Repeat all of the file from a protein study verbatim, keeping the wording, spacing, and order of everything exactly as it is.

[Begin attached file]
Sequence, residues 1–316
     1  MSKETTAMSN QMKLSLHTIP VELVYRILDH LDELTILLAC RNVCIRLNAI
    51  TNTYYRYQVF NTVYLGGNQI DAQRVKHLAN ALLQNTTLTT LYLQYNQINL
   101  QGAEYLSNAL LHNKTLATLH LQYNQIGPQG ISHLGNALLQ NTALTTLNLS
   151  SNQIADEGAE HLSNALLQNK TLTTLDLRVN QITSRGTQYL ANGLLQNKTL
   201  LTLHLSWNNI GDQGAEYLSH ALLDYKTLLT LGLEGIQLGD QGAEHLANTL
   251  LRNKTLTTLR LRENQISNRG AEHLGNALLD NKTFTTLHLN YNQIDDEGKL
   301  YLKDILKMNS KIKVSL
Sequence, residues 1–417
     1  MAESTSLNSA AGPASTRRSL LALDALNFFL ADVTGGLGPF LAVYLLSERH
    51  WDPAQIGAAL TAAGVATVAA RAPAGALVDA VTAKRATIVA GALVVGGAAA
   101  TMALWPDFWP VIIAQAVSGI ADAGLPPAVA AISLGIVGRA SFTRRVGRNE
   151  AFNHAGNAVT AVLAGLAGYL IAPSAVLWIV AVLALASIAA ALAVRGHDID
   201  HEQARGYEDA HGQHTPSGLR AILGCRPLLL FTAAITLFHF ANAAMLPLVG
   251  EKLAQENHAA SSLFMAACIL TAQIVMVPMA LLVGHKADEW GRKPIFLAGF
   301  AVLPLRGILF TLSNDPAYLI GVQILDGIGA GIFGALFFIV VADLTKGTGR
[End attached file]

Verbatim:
Sequence, residues 1–316
     1  MSKETTAMSN QMKLSLHTIP VELVYRILDH LDELTILLAC RNVCIRLNAI
    51  TNTYYRYQVF NTVYLGGNQI DAQRVKHLAN ALLQNTTLTT LYLQYNQINL
   101  QGAEYLSNAL LHNKTLATLH LQYNQIGPQG ISHLGNALLQ NTALTTLNLS
   151  SNQIADEGAE HLSNALLQNK TLTTLDLRVN QITSRGTQYL ANGLLQNKTL
   201  LTLHLSWNNI GDQGAEYLSH ALLDYKTLLT LGLEGIQLGD QGAEHLANTL
   251  LRNKTLTTLR LRENQISNRG AEHLGNALLD NKTFTTLHLN YNQIDDEGKL
   301  YLKDILKMNS KIKVSL
Sequence, residues 1–417
     1  MAESTSLNSA AGPASTRRSL LALDALNFFL ADVTGGLGPF LAVYLLSERH
    51  WDPAQIGAAL TAAGVATVAA RAPAGALVDA VTAKRATIVA GALVVGGAAA
   101  TMALWPDFWP VIIAQAVSGI ADAGLPPAVA AISLGIVGRA SFTRRVGRNE
   151  AFNHAGNAVT AVLAGLAGYL IAPSAVLWIV AVLALASIAA ALAVRGHDID
   201  HEQARGYEDA HGQHTPSGLR AILGCRPLLL FTAAITLFHF ANAAMLPLVG
   251  EKLAQENHAA SSLFMAACIL TAQIVMVPMA LLVGHKADEW GRKPIFLAGF
   301  AVLPLRGILF TLSNDPAYLI GVQILDGIGA GIFGALFFIV VADLTKGTGR